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Highway to Hell(o)
Highway 666 used to wend its way through north-western New Mexico up into Colorado and Utah. The road was assigned that number back in 1926, just standard highway numbering in the USA as the planned sixth branch off Route 66. Colloquially, due to its number, it became known as The Devil's Highway.
Now, after three-quarters of a century, highway 666 is no more. Too many people complained about the number giving the road an evil connotation. So, last year the politicians changed the number.
666's bad reputation comes out of the following passage:
Here is wisdom. Let him that hath understanding count the number of the beast: for it is the number of a man; and his number is Six hundred threescore and six.
So what's the problem? The passage clearly refers to the number of a man, not the number of a highway. And changing the number of the road changes nothing. It's still the same damn highway.
What we see here is simple foolishness arising out of misinterpreting religious teaching, It's bad enough that there are idiots who try to interpret Revelations literally without adding this level of nonsense. What's next? Changing the page numbers in books to ensure there is no page 666? (This would get rid of Ezekiel 29 in my bible.) Are we going to see the same superstitious nonsense which we see in tall buildings - skipping from the 12th floor to the 14th?
While some Christians want to ban use of certain numbers, others are trying to change the language. They want to eliminate the word "hello." Why? Because it contains "hell." And they want to replace it with "heaveno." In fact, in 1997, the commissioners of one Texas county actually passed a resolution making it the official courthouse greeting.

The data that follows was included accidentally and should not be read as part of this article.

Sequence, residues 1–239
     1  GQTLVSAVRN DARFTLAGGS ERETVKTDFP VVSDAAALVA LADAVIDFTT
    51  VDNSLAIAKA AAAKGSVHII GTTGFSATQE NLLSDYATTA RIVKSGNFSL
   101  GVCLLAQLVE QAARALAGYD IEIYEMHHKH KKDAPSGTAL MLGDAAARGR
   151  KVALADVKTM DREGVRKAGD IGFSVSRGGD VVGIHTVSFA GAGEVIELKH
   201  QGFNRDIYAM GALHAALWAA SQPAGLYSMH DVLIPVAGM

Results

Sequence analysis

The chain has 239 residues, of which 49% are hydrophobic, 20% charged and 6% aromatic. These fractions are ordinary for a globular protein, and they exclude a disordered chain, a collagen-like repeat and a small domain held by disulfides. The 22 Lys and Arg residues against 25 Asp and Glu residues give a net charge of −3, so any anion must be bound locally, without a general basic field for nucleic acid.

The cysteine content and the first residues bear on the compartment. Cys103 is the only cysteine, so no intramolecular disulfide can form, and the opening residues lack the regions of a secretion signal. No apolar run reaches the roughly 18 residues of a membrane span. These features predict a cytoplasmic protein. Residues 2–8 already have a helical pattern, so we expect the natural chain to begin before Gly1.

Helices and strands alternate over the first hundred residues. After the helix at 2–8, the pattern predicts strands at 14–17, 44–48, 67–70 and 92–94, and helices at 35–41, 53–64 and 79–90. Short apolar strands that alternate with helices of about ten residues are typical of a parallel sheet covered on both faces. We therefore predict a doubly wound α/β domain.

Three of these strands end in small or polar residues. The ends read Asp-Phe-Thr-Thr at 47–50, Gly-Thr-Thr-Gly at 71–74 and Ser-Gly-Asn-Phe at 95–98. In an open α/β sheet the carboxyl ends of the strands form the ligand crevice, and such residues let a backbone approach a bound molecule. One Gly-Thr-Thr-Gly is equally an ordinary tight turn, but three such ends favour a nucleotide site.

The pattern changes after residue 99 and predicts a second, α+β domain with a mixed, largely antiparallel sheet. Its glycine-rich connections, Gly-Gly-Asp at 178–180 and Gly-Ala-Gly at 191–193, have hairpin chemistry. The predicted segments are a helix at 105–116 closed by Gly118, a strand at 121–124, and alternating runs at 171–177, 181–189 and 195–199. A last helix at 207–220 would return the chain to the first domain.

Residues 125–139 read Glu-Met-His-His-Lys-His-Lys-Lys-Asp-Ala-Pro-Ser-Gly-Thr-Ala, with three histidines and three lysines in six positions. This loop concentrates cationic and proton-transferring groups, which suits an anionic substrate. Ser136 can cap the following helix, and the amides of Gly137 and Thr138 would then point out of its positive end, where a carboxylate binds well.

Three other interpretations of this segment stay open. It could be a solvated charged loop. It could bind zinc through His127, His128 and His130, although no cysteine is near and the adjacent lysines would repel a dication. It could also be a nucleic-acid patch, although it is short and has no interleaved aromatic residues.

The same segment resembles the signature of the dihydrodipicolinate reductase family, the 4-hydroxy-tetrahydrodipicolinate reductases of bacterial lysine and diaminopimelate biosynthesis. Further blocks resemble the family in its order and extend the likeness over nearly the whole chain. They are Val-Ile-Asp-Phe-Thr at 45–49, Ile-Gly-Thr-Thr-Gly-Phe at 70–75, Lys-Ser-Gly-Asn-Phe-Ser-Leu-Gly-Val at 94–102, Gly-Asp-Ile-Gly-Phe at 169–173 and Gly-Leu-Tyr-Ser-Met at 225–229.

Now, we have total ignorance coming into play. "Hell" has nothing to do with the etymology of "hello," nor is it part of proper pronunciation of the word - which is pronounced "he-lo" not "hell-o"
Yet no-one is forced to use the word. There are already lots of alternatives - Hi, Hiya, Hey, Good morning, Good afternoon, Good evening, 'allo, 'ullo, Hullo, etc. There is absolutely no reason to introduce a concoction such as Heaveno - except for the purpose of forcing a religious viewpoint into everyday greetings.
But what I find amusing is the sound of "Heaveno." Try saying the word several times - let it flow naturally. And what do you hear? "Heaven-no." The greeting turns into a denial of heaven rather than a promotion of it. They're making a public profession of disbelief every time they use it.
So if any fool greets you with "heaveno," just reply, "I agree. It's highly probable that there is no heaven."
Is there a message to all this? I think there is. If you attempt to ban specific words and specific numbers, you are not really eliminating them. You are just making them taboo; you are giving them a power against you, they did not previously possess. They will have that much more impact on you when you encounter them in daily life.